Since German is the national language in Austria, you might think stage or screen entertainment could prove a little tricky for non-speakers. Not so.
- Many cinemas show English-language films
- The English Theatre has international productions
- The Burgtheater is the city’s showpiece theatre
- See also:
(The Haydn is probably Vienna’s most prominent English-language cinema)
Film fans in the city can choose from numerous movie theatres, ranging from giant multiplexes showing Hollywood blockbusters to small art cinemas. Around ten of these might be described as international English-language cinemas, regularly showing films in the original English (some only ever show English-language films).
The availability of movies in English benefits more than just the international community and tourists; young Viennese in particularly use these films to expand their language skills or to simply enjoy performances in the actors’ own voices (rather than dubbed into German).
Check daily newspapers for listings and look for “OV” next to a film (means the movie will be shown in its original language) or OmU (ditto with the addition of subtitles).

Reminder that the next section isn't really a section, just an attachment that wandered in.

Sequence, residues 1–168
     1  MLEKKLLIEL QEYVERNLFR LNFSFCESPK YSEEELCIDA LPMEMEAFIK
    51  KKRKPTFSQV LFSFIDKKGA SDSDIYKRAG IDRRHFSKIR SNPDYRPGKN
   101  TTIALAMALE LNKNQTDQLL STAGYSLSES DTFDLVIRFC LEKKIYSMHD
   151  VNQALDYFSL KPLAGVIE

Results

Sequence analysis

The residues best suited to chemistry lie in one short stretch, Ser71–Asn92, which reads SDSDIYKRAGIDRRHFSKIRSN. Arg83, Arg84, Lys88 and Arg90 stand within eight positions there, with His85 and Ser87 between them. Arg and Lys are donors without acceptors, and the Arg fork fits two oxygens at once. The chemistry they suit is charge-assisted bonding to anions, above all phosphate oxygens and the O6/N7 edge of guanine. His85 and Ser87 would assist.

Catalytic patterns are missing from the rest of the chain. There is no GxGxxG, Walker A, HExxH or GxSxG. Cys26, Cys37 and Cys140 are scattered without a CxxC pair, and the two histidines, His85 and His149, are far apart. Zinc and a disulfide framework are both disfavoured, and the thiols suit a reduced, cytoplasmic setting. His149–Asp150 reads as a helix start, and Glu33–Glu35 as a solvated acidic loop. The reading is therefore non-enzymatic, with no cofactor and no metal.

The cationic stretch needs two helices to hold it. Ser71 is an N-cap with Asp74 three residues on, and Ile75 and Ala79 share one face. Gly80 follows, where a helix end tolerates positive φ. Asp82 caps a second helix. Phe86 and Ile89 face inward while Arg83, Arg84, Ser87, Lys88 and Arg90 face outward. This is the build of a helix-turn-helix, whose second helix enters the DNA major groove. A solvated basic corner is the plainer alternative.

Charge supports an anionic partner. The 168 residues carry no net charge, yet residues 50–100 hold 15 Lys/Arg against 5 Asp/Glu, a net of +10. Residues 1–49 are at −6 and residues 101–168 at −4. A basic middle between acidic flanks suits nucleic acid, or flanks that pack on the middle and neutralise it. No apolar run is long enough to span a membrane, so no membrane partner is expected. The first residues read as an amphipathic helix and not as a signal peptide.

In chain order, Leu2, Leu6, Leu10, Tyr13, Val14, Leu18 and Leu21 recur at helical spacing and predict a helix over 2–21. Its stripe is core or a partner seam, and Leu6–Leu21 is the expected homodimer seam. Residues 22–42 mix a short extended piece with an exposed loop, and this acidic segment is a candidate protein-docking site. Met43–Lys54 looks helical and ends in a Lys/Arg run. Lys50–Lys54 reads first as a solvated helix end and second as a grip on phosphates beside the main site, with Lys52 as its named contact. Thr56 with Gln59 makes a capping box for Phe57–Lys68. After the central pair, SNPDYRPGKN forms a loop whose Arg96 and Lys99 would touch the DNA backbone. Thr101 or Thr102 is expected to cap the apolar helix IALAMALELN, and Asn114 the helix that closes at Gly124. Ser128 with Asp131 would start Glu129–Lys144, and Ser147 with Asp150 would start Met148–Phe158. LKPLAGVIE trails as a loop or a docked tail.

Vienna also hosts various film festivals throughout the year, including the prestigious Viennale. Many of these festivals feature English-language movies, documentaries, shorts, etc. or have subtitles in English.
(The Burgtheater national theatre)
With all the fuss about Vienna’s classical music, a longstanding reputation as a haven for theatergoers often slips past unnoticed. The problem for the visitor to Vienna, of course, is that nearly all theater productions are in German.
There is one notable exception, though.
Founded in 1963, Vienna’s English Theatre has the distinction of being the oldest of its kind in mainland Europe. Productions are in English, but it’s also featured French and Italian performances in the past.
Some of the world’s greatest acting talents appeared at the English Theatre, including Oscar-winners Judi Dench and Anthony Quinn, as well as the likes of Larry Hagman and Jean-Paul Belmondo.
The most famous of the German-language theatres is the Burgtheater, opposite city hall, which has a long and illustrious history.
Though the actors only speak in German (as befits what is essentially the national theatre), the Burgtheater Prompt app delivers English surtitles to your smartphone for selected performances.
Incidentally, Gustav Klimt painted some of the ceiling frescoes in the magnificent entrance halls of the Burg (as it’s known here). To see them, take one of the theatre’s tours.